Trust must be earned: Perceptions of aid in Haiti

Publication language
Date published
01 Apr 2022
Thematic evaluation
Accountability and Participation, Disasters, Earthquakes, Engaging with affected populations, Evaluation-related

Haitians are no strangers to foreign aid. Billions have been poured into the socalled Republic of NGOs, which at any given time hosts thousands of projects with aspirations ranging from improving sanitation to transforming livelihoods.

The earthquake that ravaged Port-au-Prince in 2010 highlighted the chaos and sometimes the absurdity of the international aid machine. For years, the capital was overwhelmed with shipments of supplies, convoys of Landcruisers, media, celebrities, and planeloads of people wanting to help. There have been claims of corruption, poor coordination, and exploitation. Many years on, people are still asking where the money has gone. Haiti has inspired global debate on humanitarian reform, formalised in the Grand Bargain commitments1, but clear improvements remain elusive.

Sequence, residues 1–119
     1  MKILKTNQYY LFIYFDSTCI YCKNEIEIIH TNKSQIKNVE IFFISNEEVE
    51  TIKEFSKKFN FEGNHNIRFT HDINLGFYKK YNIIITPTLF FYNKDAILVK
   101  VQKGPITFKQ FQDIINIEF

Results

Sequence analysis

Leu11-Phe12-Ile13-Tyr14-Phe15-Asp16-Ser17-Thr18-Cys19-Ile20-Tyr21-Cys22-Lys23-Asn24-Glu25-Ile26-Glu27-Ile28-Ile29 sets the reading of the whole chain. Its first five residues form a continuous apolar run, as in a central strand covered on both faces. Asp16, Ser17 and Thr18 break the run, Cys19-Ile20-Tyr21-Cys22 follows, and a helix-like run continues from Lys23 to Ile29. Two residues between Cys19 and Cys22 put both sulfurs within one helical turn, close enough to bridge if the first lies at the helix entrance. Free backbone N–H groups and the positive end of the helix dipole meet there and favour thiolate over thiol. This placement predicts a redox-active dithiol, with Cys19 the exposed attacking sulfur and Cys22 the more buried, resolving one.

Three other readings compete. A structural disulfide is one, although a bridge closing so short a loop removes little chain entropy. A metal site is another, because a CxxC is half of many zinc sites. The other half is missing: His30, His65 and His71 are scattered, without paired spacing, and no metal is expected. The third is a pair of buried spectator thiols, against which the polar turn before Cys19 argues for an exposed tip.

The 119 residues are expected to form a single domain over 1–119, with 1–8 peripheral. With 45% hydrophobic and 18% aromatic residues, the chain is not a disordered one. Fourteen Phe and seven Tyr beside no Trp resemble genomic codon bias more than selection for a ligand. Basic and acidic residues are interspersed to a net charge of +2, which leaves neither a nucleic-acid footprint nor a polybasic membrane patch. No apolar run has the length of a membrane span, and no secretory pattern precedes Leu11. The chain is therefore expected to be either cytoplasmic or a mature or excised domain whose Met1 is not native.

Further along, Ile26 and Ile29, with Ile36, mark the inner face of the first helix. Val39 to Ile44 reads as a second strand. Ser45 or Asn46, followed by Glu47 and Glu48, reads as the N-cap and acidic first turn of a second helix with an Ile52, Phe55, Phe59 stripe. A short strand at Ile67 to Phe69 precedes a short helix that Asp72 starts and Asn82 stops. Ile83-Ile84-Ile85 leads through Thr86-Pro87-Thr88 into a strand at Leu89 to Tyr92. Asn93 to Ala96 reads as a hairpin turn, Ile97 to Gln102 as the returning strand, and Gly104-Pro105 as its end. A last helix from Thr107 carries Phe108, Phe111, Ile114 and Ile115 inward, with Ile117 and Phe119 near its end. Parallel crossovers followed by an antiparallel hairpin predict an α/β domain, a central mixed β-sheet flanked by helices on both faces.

When the August 2021 earthquake in the nation’s south sparked a new surge of international aid, Ground Truth Solutions decided to ask whether Haiti’s citizens feel humanitarian organisations are meeting community expectations, and where they are falling short.